Everything alive is bound to die one day or another. This statement does not apply only to living things, but also to objects we hold dear, the things we own and use every day, and the buildings we live in. Places, especially, become stark reminders of this notion when they are abandoned. Buildings start being reclaimed by nature and the very ground they stand upon. Their walls crumble, their windows break, and people are reminded of how time can change the world we live in.
To help you better understand what I mean, here is a collection of images showcasing some of the most unusual and abandoned places that make for some great photography.
- Belgium’s I.M. Cooling Tower
The massive cooling tower’s standout feature is the hole in the center that looks like a black hole. This hole sent hot water down through small troughs and slats made of concrete, cooling the water as it traveled. Now, the massive structure is abandoned and clad in green, giving you the chance to photograph its raw beauty.
- Australia’s Floating Forest
No other place in this list speaks of nature’s perseverance more than the floating forest that has developed over more than a hundred years on top of a large ship in Homebush Bay. Not only is that, but the sight is something that offers the opportunity for some truly breathtaking and meaningful photography.
- Ukraine’s Radioactive City
The once nuclear city of the Soviet Union, the city of Pripyat is a ghost town reminding humanity of the disastrous nature of nuclear technology. Since the Chernobyl Disaster of 1986, the city has been radioactive and unfit to live in. You can take guided tours of the city, however, and photograph the after effects of nuclear disaster firsthand.
- Italy’s Abandoned Mill
This wheat mill was left isolated in 1866, and stands to this day alone in seclusion. It is an utterly eerie sight, and once again shows how nature can find its way into any abandoned structure. You can visit the mill in the Valley of the Mills if you want some truly haunting photos.
- Georgia’s Train Station
During the War in Abkhazia, this train station was abandoned. This abandoned location stands out amongst the others in this list as it still has a good amount of its original plaster work and wooden furniture intact. This, combined with its abandoned nature, makes it a very interesting place for a photography excursion.
- Russia’s Wooden Houses
If you want to visit some other unusual places that are beautiful to look at but have been left in isolation, then these small buildings in Russian forests might be something up your alley.
- China’s Underwater City
And last but not the least, the underwater city known as the Lion City, in eastern China is perhaps the eeriest of all the locations in this list. The city is said to be over 1300 years old and has stayed submerged since 1959.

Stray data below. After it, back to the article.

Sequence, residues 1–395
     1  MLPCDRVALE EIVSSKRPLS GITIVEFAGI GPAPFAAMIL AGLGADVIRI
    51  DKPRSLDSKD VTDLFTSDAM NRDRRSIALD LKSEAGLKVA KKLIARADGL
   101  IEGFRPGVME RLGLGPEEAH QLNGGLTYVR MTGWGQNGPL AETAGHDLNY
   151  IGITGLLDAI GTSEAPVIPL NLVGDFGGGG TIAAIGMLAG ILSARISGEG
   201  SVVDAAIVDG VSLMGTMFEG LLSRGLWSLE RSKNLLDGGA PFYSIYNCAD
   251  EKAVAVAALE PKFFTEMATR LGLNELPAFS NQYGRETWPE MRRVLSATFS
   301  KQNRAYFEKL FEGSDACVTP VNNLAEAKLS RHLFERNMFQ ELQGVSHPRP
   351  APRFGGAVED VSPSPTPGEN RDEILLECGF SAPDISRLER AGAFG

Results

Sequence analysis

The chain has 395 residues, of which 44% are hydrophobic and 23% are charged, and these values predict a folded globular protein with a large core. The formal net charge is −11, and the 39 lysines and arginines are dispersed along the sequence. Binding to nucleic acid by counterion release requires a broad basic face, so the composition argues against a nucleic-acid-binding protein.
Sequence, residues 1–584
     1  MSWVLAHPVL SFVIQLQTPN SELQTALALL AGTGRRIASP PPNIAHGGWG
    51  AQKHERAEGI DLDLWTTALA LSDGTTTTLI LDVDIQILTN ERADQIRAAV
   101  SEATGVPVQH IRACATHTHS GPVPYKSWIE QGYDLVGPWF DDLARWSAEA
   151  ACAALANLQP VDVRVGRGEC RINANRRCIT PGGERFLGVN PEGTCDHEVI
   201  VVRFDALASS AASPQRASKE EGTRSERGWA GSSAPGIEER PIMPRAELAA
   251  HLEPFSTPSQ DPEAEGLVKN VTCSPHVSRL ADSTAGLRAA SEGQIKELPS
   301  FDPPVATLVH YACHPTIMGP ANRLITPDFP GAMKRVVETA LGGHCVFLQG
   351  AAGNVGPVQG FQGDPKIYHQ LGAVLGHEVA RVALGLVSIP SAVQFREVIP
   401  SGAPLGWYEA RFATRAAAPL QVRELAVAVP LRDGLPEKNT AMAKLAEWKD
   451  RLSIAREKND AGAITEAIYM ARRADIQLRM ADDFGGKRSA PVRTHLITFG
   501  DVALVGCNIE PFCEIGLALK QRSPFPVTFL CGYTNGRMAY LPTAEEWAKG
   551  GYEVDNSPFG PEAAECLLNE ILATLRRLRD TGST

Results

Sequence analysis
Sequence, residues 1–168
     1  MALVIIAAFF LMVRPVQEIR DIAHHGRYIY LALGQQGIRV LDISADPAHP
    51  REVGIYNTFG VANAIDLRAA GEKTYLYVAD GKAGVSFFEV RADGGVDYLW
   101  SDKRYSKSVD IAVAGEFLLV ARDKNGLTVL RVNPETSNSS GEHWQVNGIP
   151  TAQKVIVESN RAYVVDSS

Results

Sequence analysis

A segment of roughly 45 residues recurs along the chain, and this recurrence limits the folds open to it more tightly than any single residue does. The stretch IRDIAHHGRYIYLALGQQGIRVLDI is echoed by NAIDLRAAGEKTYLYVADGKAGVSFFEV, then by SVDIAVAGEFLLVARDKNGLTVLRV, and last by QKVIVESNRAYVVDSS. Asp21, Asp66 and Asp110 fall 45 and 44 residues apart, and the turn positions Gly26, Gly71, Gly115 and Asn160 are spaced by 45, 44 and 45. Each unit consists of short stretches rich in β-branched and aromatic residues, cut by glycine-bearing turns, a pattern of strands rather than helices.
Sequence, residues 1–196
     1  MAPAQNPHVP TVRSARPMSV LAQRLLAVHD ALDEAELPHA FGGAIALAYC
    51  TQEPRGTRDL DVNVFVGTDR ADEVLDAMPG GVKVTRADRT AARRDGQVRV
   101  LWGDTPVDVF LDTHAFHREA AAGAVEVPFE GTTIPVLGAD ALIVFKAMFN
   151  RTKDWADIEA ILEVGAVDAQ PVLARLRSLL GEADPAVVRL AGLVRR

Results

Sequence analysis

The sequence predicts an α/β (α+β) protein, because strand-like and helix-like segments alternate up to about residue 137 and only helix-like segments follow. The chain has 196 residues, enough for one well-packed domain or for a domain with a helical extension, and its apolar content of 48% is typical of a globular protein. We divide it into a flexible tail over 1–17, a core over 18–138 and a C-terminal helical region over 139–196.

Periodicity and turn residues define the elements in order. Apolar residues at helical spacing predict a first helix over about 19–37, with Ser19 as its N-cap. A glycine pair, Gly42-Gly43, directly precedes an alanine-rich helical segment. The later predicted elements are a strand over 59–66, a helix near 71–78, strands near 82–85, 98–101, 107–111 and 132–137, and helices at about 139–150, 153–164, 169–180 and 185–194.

In this digital age, it is much easier than some decades ago to take pictures. This is both a good thing and bad in my opinion. It’s good because, of course, more people have access to cameras these days, hence allowing them to pursue their photographic ambitions. On the flip side, a very negative effect of this is that many kinds of photography, including street, are becoming more about capturing every single mundane thing around you and putting it up on Instagram rather than actually caring about the story you’re telling the world.
While there are merits to going out and shooting the streets, the fact that so many people are doing it these days is not helping anyone. Let’s see how the digital age of photography is slowly ruining street photography.
It’s Too Easy!
The foremost reason why a majority of ‘street photography’ these days is not up to par is because it is way too easy for anyone to pick up a half decent camera and go into the streets without a second thought. At the time when street photography was at a high, people had to carry heavy gear outside, they had to wait full days for that one shot that would make sense to them. I’m not saying that the advent of cheaper and lighter cameras is bad, but the sheer presence of a multitude of them means that anyone can pick one up and go out without any real interest in street photography.
As a result, you see so many similar photos these days that it is nearly impossible for anyone to stand out. Steaming coffee cups on rainy days, yellow taxis in a monochrome urban setting, thoughtless juxtaposition of elements; these are what constitute a major chunk of street photography these days. And it’s quite sad.
The Real Stuff is Lost
In the midst of all these coffee cups and sign boards, the really good street photographs, taken by people who actually care about their content and spend days in its pursuit, are lost. Any good, really good, street photographers that exist in the world remain undiscovered because there is so much saturation throughout the internet that it takes a lot of work and patience to stumble upon something promising.
And that is the main reason why I think street photography is headed towards its doom.
Photography has turned out to be one of the best hobbies nowadays and people are being much interested in learning about the subject more and more. It is a passion for some, love for some other and a way of living for a few more.
Photography isn’t as easy as it seems. You need a lot of dedication and will power to bring a photograph to life. As they say, photographs talk about moments so you must make sure you are able to bring the moments into life. (more…)